Peritoneal mesothelioma develops after a person is exposed to asbestos and the fibers are either inhaled or swallowed. The cancer grows in the thin membranes around that person's abdomen, called the peritoneum.
The prognosis typically is not optimistic with this aggressive type of cancer. Below are four things you should know about the disease:
- The total amount of people who are diagnosed with it annually comes in under 500.
- Even so, this is the second most-common type of cancer in the United States that is linked to asbestos. Since asbestos has largely been outlawed in most applications today, exposure is far lower than it used to be. However, people can still encounter it in older homes and structures where it was used in pipe insulation, tile and many similar applications.
- One of the most effective strategies for treating the disease is to first do cytoreductive surgery and then to compliment that with Hyperthermic Intraperitoneal Chemotherapy, commonly known as HIPEC. Researchers say that this combination can "significantly improve survival" odds.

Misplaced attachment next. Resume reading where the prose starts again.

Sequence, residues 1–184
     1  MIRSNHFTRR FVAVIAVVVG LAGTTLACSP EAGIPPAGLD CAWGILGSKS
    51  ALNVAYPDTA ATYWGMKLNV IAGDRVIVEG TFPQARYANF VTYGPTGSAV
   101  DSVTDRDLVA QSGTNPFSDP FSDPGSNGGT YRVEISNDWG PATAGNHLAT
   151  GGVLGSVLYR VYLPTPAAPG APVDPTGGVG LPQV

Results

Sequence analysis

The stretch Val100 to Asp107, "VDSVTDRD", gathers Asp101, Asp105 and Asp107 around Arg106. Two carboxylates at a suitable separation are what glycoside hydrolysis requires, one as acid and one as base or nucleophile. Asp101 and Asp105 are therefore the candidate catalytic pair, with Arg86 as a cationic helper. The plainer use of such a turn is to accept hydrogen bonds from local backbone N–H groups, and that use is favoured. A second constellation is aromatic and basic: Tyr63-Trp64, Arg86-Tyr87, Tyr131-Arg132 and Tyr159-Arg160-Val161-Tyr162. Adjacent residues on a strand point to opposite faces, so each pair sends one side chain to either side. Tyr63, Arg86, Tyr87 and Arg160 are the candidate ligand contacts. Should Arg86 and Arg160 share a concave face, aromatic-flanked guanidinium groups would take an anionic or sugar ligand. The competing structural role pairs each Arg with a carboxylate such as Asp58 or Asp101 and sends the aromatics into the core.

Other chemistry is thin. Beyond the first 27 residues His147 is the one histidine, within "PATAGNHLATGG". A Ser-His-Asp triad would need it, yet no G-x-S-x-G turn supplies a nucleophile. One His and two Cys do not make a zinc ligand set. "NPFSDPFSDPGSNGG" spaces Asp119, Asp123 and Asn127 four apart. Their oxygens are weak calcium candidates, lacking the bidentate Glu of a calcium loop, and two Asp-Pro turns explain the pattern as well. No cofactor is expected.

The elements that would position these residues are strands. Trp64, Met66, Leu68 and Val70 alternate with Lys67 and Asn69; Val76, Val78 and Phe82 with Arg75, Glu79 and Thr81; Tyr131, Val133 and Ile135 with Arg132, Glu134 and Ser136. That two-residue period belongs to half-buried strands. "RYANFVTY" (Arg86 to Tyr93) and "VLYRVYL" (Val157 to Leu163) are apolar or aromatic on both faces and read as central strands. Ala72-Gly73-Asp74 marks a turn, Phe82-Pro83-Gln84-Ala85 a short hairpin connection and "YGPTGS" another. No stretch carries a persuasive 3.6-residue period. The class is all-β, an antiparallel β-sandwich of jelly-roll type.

- Treatments that are used for peritoneal mesothelioma include radiation therapy, chemotherapy and debulking surgery.
Naturally, every case is unique. Different people respond to treatments differently. There are also a few factors to consider, such as how early the cancer was detected, if the patient has any other health complications and how advanced the disease has become. As with any cancer, the sooner it can be detected and treated, the better.
Have you developed peritoneal mesothelioma? As you look into your treatment options and plan for the future, be sure you also consider your potential legal rights to compensation.
Source: Mesothelioma Cancer Alliance, "Peritoneal Mesothelioma," accessed May 03, 2018